All Dressed Up, and the Drink is the Show

Mint juleps whet whistles sip after historical sip.

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She’s the undisputed diva of drinks. Served in a silver cup, she’s minty sweet, icy cold, and strong all at once. She is the mint julep, and her pedigree is pure Virginia. We see you, Kentucky, but she’s ours.

Mint juleps were first noted by a traveler in a 1787 issue of American Museum magazine, who wrote: “The Virginian rises in the morning, about six o’clock. He then drinks a julap [sic], made of rum, water and sugar, but very strong.” Early juleps were indeed made of rum, favored at the time, although the new nation’s palate was quickly turning toward whiskey.

What’s probably most surprising is that a julep was thought of as a pre-breakfast drink.

In 1803, Englishman John Davis further defined the julep as a “dram of spiritous liquor that has mint in it, taken by Virginians in the morning,” in his Travels of Four Years and a Half in the United States of America.

By 1808 the drink was popularized at The White, a resort in White Sulphur Springs (then part of Virginia), known as the place to socialize and sip on “a mint julep made with a hailstorm [of ice] around it.” Later known as The Old White, the resort is now The Greenbrier.

Ingredients in these early mint juleps were fluid; one could make it with brandy, rum, bourbon or other whiskey, or gin. Mint was essential, but sometimes pineapple and strawberries were thrown into the mix. However, the glacial amount of ice necessary never wavered.

By the mid-19th century, legendary Richmond bartender John Dabney set the mint julep standard. Born as a slave around 1824 in Hanover County, Dabney was a culinary force. A successful 19th-century caterer and bartender to Virginia’s elite, Dabney served his mint julep to the then-Prince of Wales during a tour of the nation.

Six years after Dabney’s passing in June of 1900, General Dabney H. Maury of Richmond related John Dabney’s mint julep recipe in The New Lucile Cook Book: “Crushed ice, as much as you can pack it in, and sugar, mint, bruised and put in with the ice, then your good whiskey, and the top surmounted by more mint, a strawberry, a cherry, a slice of pineapple, or, as John expressed it, ‘any other fixings you like.’”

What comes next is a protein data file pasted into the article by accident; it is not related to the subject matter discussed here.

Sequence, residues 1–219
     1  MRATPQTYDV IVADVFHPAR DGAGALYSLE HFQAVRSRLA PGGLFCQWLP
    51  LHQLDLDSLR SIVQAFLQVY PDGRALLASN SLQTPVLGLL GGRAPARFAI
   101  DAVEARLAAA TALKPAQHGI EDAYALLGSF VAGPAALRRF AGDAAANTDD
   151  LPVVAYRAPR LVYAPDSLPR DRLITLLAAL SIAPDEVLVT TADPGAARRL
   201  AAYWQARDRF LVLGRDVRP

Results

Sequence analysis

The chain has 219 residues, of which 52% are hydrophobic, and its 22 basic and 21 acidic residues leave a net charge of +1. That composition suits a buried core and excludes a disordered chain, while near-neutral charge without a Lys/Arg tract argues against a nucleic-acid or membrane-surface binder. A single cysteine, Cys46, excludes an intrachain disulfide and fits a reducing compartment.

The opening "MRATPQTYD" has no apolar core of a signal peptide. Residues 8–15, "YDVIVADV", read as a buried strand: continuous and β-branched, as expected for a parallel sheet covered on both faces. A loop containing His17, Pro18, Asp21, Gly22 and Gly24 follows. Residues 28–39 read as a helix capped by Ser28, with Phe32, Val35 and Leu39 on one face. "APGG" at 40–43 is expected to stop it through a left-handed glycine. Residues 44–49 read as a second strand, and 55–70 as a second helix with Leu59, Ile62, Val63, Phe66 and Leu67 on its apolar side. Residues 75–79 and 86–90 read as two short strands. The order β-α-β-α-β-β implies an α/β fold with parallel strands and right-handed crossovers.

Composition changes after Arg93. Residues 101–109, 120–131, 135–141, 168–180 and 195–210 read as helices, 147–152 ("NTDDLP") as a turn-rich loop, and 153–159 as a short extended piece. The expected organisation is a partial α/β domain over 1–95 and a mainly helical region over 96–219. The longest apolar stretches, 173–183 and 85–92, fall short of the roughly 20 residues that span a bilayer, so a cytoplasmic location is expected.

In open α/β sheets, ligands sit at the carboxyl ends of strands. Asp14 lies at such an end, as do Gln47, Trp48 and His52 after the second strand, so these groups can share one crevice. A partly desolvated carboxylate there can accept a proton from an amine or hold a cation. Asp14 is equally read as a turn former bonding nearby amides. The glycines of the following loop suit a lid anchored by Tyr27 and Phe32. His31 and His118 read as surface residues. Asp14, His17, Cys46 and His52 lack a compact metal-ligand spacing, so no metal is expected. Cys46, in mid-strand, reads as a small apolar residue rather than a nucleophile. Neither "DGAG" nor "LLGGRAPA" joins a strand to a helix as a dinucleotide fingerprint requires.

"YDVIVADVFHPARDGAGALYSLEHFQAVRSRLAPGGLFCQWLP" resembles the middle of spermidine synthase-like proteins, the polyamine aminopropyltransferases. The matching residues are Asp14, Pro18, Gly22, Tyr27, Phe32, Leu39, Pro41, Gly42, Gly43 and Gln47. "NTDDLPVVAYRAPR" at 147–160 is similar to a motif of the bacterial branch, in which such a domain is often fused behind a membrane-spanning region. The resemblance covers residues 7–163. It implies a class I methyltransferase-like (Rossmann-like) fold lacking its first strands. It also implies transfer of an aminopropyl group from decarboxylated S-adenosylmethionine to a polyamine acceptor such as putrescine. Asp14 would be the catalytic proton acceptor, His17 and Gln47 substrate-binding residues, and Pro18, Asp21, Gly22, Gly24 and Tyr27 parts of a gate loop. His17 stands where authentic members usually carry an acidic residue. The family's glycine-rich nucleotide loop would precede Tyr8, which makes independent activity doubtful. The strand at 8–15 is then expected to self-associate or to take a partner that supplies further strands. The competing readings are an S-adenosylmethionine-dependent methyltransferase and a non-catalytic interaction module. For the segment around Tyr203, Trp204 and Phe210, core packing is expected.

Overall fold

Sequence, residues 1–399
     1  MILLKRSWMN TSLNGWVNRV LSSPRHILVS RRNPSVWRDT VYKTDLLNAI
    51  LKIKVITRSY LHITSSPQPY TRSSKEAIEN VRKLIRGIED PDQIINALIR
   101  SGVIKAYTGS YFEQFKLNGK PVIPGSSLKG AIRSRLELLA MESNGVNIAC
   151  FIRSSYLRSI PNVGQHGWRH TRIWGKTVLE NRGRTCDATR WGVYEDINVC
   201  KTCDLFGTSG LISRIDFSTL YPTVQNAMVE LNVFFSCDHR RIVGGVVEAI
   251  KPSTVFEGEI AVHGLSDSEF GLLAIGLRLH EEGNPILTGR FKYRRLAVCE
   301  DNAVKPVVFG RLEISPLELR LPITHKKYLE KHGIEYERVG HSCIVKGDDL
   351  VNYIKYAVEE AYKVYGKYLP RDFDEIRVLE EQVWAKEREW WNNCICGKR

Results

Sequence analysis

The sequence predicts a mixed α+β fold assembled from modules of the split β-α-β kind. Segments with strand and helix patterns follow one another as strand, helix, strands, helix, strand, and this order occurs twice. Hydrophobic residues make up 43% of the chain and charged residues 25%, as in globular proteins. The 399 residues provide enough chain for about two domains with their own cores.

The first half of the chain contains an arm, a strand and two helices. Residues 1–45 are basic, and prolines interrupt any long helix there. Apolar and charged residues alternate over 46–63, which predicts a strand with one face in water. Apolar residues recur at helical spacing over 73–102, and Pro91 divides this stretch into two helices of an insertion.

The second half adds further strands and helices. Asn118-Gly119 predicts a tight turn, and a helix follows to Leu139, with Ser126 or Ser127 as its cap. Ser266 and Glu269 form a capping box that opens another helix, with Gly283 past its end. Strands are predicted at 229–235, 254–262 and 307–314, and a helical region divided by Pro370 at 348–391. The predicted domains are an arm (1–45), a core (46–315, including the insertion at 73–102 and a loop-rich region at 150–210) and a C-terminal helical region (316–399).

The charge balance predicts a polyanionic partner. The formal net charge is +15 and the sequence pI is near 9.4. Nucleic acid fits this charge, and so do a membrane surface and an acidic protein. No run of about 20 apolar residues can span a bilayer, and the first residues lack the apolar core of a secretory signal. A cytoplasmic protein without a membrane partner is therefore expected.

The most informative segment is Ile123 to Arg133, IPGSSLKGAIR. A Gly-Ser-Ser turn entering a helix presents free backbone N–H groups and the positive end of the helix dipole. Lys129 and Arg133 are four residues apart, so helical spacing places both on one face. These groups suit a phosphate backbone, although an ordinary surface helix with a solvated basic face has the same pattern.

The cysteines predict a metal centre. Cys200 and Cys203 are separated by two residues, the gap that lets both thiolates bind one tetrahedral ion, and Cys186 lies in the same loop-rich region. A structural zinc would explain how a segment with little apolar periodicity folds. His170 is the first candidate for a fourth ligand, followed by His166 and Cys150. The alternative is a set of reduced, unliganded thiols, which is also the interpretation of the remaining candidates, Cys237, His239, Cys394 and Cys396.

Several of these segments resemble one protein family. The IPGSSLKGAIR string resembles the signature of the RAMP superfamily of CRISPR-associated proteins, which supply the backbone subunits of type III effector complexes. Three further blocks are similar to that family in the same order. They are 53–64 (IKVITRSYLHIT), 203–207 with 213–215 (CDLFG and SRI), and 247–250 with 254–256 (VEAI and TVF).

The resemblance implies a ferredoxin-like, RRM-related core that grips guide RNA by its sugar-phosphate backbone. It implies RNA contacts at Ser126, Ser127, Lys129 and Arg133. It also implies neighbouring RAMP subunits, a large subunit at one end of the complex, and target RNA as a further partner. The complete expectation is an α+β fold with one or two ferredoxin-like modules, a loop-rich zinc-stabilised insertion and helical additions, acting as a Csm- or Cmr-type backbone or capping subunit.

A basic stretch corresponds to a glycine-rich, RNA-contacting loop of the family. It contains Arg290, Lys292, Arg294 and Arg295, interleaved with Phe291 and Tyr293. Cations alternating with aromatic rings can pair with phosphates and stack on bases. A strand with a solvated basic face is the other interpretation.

Today, while less flashy, mint juleps are no less fabulous. Oh, and that little horse race they have in May at Churchill Downs in Kentucky? The mint julep did not become the official drink at the Derby until 1938, some 146 years after Kentucky broke from Virginia to become its own state.


THE GOODSTONE MINT JULEP

At Middleburg’s Goodstone Inn, head bartender Stuart Brennen uses fresh mint leaves from the kitchen garden to make the simple syrup first and then the julep.

Mint Simple Syrup

  • 1 cup white sugar
  • 1 cup hot water
  • 1 cup fresh mint leaves, stems removed

Add sugar and hot water to a glass container and gently stir until clear. Once cooled, pour the prepared syrup over fresh mint leaves in a separate glass container. Let steep for four to five days. Once the syrup reaches the desired mint flavor, strain to remove mint leaves, then seal and store in the refrigerator for up to six months.

Mint Julep

  • Fresh mint leaves (extra for garnish) Ice
  • 2 ounces Virginia bourbon; Stuart prefers Ironclad
  • Distillery or Reservoir Distillery
  • Mint simple syrup

Fill a collins glass with ice and 4-6 fresh mint leaves. Pour ice and mint into a cocktail shaker and muddle together, crushing the ice. Pour mixture back into the glass and add 2 ounces of Virginia bourbon. Fill the remainder of the glass with mint simple syrup. Return to the shaker and back into the glass to mix. Garnish with fresh mint and serve with a straw. Goodstone.com


This article originally appeared in the June 2022 issue.

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